Accessibility links

US Settlement Offer Provides Hope, Tension Among Nepal's Bhutan Refugees


A U.S. offer to resettle tens of thousands of ethnic Nepalis expelled from Bhutan in the 1990's has provided hope to some. But Human Rights Watch says the offer has also created tension between those refugees who wish to accept the offer, and those who insist on returning to Bhutan. Liam Cochrane reports from Kathmandu.

In 1990, the isolated kingdom of Bhutan began expelling ethnic Nepalis, in what Human Rights Watch describes as ethnic cleansing. Bhutan is a predominately Buddhist country, while the Nepalis who were kicked out are Hindus.

Since then, around 100,000 of these refugees have been living in seven camps across eastern Nepal, supported by international aid groups.

Years of negotiations between the Nepalese and Bhutanese governments on taking the refugees back have come to nothing. Nar Bahadur Giri, himself a refugee, says an offer from the United States in October last year to take in 60,000 of those expelled was the first significant breakthrough in 16 years.

"This offer of settlement by the U.S. has given hope to the Bhutanese refugees, and they are now dreaming [of] a better future," he said.

But the U.S. offer has angered those refugees who believe that repatriation to Bhutan should be the only option.

Bill Frelick, the refugee policy director for Human Rights Watch, says some opponents of the resettlement plan have been threatening refugee leaders and creating a climate of fear in the camps.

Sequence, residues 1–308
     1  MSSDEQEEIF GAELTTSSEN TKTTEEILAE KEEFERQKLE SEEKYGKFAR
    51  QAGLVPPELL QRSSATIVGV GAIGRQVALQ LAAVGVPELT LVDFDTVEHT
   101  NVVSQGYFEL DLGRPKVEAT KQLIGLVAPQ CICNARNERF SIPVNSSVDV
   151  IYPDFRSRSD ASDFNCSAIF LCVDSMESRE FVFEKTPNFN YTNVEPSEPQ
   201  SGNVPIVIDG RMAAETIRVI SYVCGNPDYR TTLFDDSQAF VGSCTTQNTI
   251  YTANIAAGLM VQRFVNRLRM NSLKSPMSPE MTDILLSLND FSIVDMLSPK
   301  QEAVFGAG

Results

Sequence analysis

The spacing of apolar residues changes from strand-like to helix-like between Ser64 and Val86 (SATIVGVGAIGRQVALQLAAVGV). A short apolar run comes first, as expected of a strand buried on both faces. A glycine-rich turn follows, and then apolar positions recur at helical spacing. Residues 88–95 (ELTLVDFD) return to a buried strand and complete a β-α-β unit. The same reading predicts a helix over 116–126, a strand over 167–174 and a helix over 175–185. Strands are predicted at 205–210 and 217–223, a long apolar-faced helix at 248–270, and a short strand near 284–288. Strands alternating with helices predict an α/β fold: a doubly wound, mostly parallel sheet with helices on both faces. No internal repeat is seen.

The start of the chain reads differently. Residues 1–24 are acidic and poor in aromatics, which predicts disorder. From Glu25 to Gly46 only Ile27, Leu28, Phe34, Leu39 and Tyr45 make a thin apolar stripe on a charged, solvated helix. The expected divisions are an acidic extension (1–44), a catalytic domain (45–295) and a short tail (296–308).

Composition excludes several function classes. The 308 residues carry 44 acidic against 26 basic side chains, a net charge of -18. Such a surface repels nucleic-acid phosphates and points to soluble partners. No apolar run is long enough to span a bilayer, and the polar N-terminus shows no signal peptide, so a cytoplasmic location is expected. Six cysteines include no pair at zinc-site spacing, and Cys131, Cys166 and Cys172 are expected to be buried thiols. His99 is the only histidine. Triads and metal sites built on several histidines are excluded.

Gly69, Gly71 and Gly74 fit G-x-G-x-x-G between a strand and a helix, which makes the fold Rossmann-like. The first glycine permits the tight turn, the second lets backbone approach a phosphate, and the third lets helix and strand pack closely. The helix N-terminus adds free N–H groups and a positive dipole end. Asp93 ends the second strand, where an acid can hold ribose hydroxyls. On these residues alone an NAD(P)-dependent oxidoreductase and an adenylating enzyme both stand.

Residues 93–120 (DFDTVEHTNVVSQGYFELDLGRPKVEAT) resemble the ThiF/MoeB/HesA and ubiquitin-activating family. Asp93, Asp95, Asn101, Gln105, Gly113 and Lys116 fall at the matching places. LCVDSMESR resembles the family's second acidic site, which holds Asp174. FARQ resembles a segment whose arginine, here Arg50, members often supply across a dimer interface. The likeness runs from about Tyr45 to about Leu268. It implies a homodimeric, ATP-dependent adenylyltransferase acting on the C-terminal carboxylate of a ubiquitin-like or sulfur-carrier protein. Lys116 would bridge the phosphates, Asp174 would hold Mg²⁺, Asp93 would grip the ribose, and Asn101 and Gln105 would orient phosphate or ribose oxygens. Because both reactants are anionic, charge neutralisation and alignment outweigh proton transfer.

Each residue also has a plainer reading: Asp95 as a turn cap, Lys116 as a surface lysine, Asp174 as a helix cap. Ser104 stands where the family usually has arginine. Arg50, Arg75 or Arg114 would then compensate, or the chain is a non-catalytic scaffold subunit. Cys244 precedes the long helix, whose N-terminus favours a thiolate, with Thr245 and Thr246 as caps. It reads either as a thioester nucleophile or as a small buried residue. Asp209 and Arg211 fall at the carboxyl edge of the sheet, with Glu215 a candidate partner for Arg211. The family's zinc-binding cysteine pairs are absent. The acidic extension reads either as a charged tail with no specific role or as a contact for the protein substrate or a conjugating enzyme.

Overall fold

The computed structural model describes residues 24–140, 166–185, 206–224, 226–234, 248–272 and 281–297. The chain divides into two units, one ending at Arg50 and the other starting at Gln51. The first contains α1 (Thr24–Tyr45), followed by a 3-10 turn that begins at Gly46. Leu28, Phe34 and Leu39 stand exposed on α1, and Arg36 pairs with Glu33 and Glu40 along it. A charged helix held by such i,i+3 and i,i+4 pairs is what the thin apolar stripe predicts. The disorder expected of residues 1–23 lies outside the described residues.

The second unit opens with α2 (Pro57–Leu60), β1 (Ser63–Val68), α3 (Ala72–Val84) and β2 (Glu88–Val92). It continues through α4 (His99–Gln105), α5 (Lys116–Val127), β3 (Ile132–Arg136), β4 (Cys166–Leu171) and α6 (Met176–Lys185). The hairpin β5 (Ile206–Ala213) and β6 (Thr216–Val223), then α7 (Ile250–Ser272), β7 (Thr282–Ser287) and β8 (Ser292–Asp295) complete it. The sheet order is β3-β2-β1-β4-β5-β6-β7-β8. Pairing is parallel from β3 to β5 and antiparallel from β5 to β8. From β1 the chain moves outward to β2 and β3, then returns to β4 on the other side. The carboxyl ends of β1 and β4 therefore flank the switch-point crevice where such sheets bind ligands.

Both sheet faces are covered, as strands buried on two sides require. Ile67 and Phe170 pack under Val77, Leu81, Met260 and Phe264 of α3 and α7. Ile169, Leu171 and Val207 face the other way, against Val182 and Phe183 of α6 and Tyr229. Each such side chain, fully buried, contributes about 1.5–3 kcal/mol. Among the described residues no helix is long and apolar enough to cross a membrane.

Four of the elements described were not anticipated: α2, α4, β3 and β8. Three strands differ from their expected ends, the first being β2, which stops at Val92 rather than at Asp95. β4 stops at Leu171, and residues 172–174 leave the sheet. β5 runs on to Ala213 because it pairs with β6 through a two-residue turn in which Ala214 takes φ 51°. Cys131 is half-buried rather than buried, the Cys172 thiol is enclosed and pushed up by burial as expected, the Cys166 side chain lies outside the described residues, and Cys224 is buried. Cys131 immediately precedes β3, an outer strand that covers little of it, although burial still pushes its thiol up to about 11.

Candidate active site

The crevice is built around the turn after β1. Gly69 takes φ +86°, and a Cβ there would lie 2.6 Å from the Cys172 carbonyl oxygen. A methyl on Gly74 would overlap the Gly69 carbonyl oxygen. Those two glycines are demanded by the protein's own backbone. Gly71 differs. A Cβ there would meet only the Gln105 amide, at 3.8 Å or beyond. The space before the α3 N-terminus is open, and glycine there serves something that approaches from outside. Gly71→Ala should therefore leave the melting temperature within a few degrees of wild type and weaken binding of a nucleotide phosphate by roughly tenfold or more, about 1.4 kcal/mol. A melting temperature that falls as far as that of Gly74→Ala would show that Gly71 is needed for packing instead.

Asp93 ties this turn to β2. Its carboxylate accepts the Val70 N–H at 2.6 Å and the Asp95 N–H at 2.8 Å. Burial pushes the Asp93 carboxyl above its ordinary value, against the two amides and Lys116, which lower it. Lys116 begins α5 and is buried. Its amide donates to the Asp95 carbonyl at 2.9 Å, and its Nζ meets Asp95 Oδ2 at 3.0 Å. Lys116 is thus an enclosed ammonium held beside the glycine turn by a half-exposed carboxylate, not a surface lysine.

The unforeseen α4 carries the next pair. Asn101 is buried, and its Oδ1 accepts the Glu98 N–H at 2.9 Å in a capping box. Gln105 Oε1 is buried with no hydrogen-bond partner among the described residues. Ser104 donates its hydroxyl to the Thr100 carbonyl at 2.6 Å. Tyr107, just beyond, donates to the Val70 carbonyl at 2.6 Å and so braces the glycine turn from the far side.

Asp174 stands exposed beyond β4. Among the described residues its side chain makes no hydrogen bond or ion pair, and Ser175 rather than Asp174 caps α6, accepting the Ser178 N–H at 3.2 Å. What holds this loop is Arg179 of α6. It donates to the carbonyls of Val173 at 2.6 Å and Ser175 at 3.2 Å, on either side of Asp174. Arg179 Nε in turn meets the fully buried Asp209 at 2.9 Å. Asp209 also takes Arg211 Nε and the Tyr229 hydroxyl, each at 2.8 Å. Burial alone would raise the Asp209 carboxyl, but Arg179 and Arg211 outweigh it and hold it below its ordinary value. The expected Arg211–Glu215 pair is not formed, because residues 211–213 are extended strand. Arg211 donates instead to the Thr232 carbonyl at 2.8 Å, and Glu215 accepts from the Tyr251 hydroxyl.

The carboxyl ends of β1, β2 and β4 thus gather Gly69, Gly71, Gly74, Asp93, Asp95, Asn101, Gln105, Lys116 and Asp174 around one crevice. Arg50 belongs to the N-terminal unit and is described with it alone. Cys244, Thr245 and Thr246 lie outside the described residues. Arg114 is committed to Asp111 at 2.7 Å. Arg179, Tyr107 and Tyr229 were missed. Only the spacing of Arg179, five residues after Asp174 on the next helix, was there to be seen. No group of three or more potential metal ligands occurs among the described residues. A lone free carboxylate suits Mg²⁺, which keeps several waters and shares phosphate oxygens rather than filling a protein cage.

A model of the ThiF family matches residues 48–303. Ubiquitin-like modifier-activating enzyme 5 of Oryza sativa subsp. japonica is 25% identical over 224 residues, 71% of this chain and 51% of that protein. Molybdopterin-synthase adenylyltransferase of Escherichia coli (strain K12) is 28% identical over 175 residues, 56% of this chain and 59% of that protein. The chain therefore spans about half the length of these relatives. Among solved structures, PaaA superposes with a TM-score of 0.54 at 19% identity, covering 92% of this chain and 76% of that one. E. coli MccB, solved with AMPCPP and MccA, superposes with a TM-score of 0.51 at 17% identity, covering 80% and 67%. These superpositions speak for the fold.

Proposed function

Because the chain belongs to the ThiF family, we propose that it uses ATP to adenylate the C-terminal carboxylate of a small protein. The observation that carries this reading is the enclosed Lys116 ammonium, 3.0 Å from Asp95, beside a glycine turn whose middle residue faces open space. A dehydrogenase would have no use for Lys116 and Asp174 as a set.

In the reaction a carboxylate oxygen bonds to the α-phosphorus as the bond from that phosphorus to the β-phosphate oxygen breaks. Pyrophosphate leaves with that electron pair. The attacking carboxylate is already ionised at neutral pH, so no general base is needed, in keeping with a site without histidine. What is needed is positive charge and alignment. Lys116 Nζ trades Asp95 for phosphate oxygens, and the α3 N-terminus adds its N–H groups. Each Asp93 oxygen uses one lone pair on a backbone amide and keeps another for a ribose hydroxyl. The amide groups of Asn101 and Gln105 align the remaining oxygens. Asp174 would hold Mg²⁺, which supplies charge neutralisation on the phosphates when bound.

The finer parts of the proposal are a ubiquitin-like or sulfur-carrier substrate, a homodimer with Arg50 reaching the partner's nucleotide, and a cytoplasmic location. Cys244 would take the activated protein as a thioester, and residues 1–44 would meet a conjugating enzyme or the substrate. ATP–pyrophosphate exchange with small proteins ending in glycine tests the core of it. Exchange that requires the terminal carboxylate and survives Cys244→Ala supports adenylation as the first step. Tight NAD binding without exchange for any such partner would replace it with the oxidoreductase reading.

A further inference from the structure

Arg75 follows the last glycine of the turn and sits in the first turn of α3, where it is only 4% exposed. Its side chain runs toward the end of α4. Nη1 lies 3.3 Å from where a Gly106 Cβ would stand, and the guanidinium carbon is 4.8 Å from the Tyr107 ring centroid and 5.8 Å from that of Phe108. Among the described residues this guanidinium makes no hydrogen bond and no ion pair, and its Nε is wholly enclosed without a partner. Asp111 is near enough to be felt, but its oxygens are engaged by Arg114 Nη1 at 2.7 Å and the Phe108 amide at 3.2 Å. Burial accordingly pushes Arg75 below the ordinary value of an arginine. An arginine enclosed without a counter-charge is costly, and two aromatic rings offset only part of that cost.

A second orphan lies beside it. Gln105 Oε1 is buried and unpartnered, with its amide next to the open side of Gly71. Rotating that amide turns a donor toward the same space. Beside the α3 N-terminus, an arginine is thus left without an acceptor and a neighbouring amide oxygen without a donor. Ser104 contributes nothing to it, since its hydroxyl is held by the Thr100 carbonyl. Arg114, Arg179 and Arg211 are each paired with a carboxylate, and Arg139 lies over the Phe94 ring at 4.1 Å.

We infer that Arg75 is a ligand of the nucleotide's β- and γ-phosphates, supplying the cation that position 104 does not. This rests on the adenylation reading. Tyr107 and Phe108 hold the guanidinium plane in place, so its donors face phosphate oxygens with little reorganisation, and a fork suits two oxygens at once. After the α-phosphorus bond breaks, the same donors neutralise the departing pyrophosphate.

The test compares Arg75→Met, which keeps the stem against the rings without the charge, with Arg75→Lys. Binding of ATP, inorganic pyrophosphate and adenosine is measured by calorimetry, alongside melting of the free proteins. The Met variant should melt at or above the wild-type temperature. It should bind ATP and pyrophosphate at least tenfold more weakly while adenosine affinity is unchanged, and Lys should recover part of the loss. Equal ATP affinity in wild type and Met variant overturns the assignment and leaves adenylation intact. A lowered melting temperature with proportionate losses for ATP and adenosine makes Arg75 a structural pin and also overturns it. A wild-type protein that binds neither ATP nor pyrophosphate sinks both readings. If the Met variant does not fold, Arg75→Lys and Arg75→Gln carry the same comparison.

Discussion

"Two of the camp secretaries - these are the elected leaders within the camps - who had supported, voiced support of resettlement, were issued written death threats that talked about cutting off their heads, putting them in bags, and dumping their bodies in the rivers," he said.

Despite this pressure, Human Rights Watch says that continuing discrimination against ethnic Nepalese makes repatriation to Bhutan impossible at this time. The government of Bhutan lists the country's population as 750,000. That would make the expelled Nepalis a significant portion of the Bhutan population, and Human Rights Watch says the government is afraid of being swamped by non-Buddhists.

Human Rights Watch has called for a multi-faceted solution, involving integrating some of the refugees into Nepal, resettlement of others to the U.S. and other willing countries, and international pressure on Bhutan to allow the remaining refugees to return to their homeland.

XS
SM
MD
LG